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How to Stay Secure on Public Wi-Fi Networks

Public Wi-Fi is super handy. It’s a brilliant tool that allows you to respond to emails, browse the internet and catch up on work whilst out and about. In fact, a recent survey found that over half of smartphone users (and around 70% of those who own tablets) regularly use the free Wi-Fi that is offered at bars, coffee shops, train and bus stations, and other public places.

Written by Courtney Farrow

April 2018

Working in a coffee shop is harmless, right?

However, it’s important to be cautious whilst connected to a hotspot. In general, public Wi-Fi is not very secure because it can be easily intercepted by hackers who could use your personal data for criminal or fraudulent activity.

Logging on before understanding the facts could mean that you are at increased risk of having your sensitive information stolen.

We’ve put together a mini guide on how you can stay safe when using public Wi-Fi.

Be savvy.

Staying safe online is not all about fancy software and IT hacks; a lot of it is about having a cautious attitude and applying some common sense.

Question everything.

Before logging in to a network, double-check with a member of staff to see whether you’ve got the right network. Someone could have easily set up an access point that appears to be legitimate – like “Free-Wi-Fi” – when, in reality, it is a bogus network set up by a malicious user.

Stay up to date.

Applications and software regularly update in order to protect users from the latest threats and malware. Ensure that your browser and any internet-connected device you own is frequently updated to shield yourself from malicious attacks and activity.

It should go without saying that you should never update software using a shared Wi-Fi connection. Always make sure that you are at home or at work, hooked up to a trusted access point.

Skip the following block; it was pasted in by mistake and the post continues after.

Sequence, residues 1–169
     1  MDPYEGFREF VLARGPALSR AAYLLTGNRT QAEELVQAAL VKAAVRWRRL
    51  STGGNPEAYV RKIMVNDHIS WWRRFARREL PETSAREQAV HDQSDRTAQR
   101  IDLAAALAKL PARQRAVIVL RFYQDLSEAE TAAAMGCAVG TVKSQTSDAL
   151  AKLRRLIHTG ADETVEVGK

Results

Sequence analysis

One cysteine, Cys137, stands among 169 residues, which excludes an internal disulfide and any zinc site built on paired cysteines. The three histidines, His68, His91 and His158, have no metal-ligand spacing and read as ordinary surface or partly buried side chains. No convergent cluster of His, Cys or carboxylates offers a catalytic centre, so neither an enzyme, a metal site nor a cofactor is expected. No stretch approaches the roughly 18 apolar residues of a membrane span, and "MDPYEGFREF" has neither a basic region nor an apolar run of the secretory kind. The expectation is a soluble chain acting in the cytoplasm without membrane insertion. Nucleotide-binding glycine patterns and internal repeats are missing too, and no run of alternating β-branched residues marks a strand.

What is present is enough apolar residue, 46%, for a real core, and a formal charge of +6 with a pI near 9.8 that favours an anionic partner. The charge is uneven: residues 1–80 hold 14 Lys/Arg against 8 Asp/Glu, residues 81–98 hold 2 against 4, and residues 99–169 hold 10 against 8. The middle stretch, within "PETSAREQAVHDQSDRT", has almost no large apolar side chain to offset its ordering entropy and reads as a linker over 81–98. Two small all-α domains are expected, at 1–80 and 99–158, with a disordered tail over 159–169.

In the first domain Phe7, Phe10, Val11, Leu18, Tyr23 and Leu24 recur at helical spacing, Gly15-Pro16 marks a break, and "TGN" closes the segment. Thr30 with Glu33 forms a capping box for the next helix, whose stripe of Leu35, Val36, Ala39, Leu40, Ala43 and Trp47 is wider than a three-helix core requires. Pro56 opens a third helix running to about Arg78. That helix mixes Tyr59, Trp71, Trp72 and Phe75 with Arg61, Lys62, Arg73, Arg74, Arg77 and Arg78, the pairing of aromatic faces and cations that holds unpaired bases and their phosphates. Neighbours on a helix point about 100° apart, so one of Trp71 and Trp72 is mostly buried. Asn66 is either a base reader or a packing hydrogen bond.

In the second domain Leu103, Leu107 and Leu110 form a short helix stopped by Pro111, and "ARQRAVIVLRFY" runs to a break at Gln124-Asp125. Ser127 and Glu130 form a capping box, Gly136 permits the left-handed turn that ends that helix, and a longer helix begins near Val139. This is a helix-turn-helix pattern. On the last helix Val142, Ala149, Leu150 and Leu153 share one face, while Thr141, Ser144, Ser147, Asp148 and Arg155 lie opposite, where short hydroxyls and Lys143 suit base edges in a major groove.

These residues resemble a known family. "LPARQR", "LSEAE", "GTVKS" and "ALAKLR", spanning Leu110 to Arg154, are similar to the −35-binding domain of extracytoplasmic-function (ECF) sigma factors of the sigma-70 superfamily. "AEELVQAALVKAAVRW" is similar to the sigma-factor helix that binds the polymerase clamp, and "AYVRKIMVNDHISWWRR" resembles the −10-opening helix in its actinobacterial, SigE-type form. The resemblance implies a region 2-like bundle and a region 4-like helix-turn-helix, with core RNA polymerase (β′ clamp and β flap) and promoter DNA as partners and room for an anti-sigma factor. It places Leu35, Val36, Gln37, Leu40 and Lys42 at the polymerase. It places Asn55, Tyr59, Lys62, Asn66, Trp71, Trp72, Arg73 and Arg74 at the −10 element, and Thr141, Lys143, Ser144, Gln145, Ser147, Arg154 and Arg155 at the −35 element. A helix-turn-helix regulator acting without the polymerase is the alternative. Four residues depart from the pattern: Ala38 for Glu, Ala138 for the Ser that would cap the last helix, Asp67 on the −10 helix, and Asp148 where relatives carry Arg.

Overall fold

Forget about it.

When you’ve finished browsing, be sure to log out or click the “Forget Network” button beside your current connection. This means that your device won’t automatically connect without your knowledge if you are in range at a later date, which reduces the risk of you becoming a victim of criminal activity.

Protect yourself.

On top of this, you should take action to protect your device in case the connection is intercepted by a stranger.

Use a Virtual Private Network (VPN).

Creating a VPN is one of the best ways to keep your browsing session hidden away from prying eyes. This nifty bit of technology scrambles the traffic between your device and the VPN server, making it a lot more difficult for the intruder to get in.

There are so many VPN services available, some of them free and some of them paid for. It is worth talking to a professional to advise you on which software is the best for you.

Invest in a quality antivirus and firewall.

Another way to protect yourself against a cyber attack is to purchase a quality anti-malware and security solution.

A decent antivirus should provide a comprehensive level of protection against a wider range of malicious activity, such as viruses, malware, phishing scams and spyware.

Meanwhile, a firewall acts as a physical barrier against suspicious activity.

Enable two-factor authentication.

Additionally, to protect online accounts from getting hacked, you should enable two-factor authentication on sites, such as Twitter, Gmail and Facebook. This means that, even if you log in and your details are breached by a criminal, they will need the extra verification code that is sent to a separate device via text or email to access your account.

Avoid.

When using shared Wi-Fi hotspots, there are definitely some things that you should steer clear of doing.

Don’t log in to certain sites.

Specific types of website that require personal information and passwords should only be used when absolutely necessary. For example, don’t sign in to your online banking application when using a public access point, and try to refrain from logging in to social media platforms, too.

Stay away from public hotspots.

In an ideal world, every network we join would be private. If you can, try to give public Wi-Fi a wide berth and use trusted alternatives, such as mobile data.

Another approach would be to only connect to trusted access points. A good way of telling whether the venue takes security seriously is if they have a hidden Wi-Fi code that you have to ask staff members for; even better if they change it regularly.


If you would like to know more about staying safe when using a public network, get in touch with a member of the Singularitee team.

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